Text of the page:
HERRIMAN — Scott and Shannon know it's not uncommon for motorists to lose their tempers and make gestures toward other drivers.
But what the couple, who asked that their last names not be used because of safety concerns, never expected was that an alleged road rage incident would continue all the way to their house nearly 40 minutes after the initial event.
"Could I ever fathom taking it to the extent of pulling them over, following him home and coming to their home? Heavens no. Never," Shannon said. "I think the biggest thing is your home is supposed to be your sanctuary. It's supposed to be where you come from refuge from the rest of the world and you have down time with your family, you relax there. And that's not what we've been doing the last five days."
Now, in an effort to find the person allegedly responsible as well as warn others, Scott and Shannon's story has spread quickly over social media thanks to a Facebook post.
"We were kind of blown away by how fast it kind of took off," Scott said.
By Monday afternoon, Shannon's Facebook posting recounting what happened had been reposted on other Facebook walls more than 360 times.
The couple said the incident began about 5 p.m. Thursday when Scott was driving home from work in the area of 13400 South, west of the Bangerter Highway. He said a man on a motorcycle apparently thought that Scott had cut him off. The motorcyclist gave Scott an obscene gesture. Scott said he made a gesture back as if to say, "What is your problem?"
As the two continued down the road, the gestures and words continued. Scott eventually turned off the road, but then watched as the motorcyclist turned around and went after him. Scott didn't want the man following him all the way home, so he pulled off to the side of the road and got out of his car.
"I asked him when we got out of the car, and he said I cut him off. And I laughed. I said, 'You know that's not true,'" Scott said. "I was in no way looking for a fight."
But as the name calling continued, the motorcyclist took off his helmet and slammed it against the mirror on Scott's car, he said.
"So I pushed him to get him away from the car and he rolls around and just punches me right in the throat," Scott said. "And then it turned into a fistfight."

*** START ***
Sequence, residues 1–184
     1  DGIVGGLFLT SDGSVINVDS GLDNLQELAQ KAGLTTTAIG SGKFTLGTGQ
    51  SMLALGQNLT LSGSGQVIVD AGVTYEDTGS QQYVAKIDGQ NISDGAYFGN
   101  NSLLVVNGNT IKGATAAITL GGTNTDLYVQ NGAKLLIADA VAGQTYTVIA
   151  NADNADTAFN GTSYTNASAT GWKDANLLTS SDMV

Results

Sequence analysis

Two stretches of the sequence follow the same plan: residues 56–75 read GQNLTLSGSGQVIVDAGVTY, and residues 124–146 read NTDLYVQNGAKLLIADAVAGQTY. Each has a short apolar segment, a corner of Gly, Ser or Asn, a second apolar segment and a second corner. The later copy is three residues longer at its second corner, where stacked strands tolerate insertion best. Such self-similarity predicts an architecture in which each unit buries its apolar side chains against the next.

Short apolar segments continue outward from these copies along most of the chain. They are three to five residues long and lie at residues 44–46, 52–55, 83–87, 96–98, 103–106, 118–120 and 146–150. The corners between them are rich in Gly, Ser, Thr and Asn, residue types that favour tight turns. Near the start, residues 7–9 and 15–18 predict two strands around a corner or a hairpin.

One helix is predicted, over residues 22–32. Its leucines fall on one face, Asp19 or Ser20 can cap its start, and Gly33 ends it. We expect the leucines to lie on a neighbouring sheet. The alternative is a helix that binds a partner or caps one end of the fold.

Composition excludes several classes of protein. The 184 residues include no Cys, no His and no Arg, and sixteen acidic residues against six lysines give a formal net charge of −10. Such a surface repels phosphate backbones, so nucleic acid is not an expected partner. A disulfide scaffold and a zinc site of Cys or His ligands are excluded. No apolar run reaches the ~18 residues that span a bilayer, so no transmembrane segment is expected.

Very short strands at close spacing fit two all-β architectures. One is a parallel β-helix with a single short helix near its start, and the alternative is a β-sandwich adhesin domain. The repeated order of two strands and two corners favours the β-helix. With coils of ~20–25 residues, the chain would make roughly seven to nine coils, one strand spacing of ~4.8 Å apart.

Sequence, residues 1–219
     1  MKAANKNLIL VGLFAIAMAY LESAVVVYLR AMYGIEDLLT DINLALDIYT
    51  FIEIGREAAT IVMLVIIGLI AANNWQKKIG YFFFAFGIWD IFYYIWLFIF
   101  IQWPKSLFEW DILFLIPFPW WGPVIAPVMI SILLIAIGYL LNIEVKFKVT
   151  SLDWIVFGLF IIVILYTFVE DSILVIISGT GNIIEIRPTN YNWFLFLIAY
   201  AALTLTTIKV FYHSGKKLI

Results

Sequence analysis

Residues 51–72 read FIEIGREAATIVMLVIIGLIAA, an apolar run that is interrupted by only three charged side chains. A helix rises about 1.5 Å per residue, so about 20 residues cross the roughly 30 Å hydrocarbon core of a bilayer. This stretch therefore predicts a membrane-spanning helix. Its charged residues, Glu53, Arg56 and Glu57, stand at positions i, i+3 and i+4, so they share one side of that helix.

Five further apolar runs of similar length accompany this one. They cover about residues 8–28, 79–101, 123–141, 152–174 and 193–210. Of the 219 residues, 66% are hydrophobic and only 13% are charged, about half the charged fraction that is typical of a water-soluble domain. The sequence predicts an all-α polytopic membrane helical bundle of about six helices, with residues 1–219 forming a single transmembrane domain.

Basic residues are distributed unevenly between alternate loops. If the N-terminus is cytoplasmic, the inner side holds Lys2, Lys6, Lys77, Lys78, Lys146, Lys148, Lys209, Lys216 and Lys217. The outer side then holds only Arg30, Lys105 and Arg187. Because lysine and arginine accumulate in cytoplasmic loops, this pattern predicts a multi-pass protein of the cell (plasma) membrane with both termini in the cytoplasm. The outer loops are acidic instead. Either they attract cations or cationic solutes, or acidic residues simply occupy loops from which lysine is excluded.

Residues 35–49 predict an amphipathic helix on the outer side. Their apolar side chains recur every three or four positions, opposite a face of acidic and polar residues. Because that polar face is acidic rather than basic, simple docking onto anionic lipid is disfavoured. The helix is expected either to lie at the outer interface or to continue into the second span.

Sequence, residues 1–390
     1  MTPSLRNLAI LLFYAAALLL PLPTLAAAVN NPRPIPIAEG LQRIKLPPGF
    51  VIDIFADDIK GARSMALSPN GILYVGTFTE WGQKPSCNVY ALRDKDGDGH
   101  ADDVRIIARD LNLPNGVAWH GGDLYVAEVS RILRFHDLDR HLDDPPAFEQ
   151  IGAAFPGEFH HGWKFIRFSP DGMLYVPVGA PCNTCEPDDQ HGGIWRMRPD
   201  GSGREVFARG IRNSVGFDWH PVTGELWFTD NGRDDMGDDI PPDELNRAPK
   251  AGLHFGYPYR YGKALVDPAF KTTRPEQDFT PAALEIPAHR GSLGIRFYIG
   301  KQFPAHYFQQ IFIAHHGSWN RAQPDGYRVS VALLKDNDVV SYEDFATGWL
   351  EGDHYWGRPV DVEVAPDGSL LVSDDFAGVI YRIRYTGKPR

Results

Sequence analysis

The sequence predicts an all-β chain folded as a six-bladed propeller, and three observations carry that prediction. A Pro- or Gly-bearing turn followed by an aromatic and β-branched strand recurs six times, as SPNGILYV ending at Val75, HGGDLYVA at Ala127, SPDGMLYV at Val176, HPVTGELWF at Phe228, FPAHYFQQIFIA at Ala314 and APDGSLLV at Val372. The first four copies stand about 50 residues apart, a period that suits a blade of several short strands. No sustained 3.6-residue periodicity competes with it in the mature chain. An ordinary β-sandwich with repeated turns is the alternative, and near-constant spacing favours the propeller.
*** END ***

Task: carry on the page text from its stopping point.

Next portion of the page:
By that time, other motorists and nearby construction crews saw what was happening and attempted to break up the fight while calling police. The motorcyclist didn't wait for Unified police to arrive and took off.
After Scott got home a short time later, he said he was outside with his 8-year-old son just when a Ford F-250 drove down the street. Scott saw the driver was the same motorcyclist who had apparently gone home, switched vehicles and went back out looking for him.
"One in a million chance. He came back looking for me because he wasn't happy with the results and came down the street and there I was," he said. "So I immediately yell at my son to run. I think out of everything that's gone on, the fact that he's robbed my son of his peace of mind here at home, he took that from him. My son thought he was running for his life."
Scott also ran into his house, called 911 and grabbed a camera. He said he watched as the man sped up and down his street, and finally parked in his driveway and got out. As the man reached in his truck for something, Scott, a concealed weapons permit holder, got his firearm. He said he walked out of his house just in time to see the man holding a metal bar and smash out one of the front windows of his house.
"He said, 'What are you going to do, shoot me?' I said, 'If you take one step toward me with that bar, I won't have a choice,'" Scott said he replied.
The man got back in the truck and drove away. But the incident scared Scott and Shannon so bad that they had their two children stay with friends over the weekend and they found themselves constantly looking out their windows, fearing that the man would come back.
"That's all we've done. And I think the hardest part for me is that my 8-year-old son won't quit doing it. I'm always looking over my shoulder, looking out there to see if I recognize any car or the motorcycle or anything like that. But the fact that he won't stop doing it, he won't even finish a bowl of cereal now.
"The way the guy wanted to keep escalating this. It wasn't good enough with just gestures. Then it wasn't good enough for a fistfight. Then it wasn't good enough that he nailed me with the helmet a few times and used it as a weapon. And it wasn't good enough for any of that, so he came looking for me and came looking for my house," Scott said.
"Just to have your kids fear for their own safety while they're here, where they should just be able to be themselves. It's really hard to watch," Shannon added. "We hope he's gotten his fix of whatever it is that he needed. But we don't know. So you're on high alert. You're waiting."
Scott said he believed a woman recorded the first confrontation on her cellphone and is hoping she will step forward or send her video to police.
Unified Police Lt. Justin Hoyal said Monday that the investigation into the incident was continuing, including locating and interviewing the motorcyclist to get his side of the story.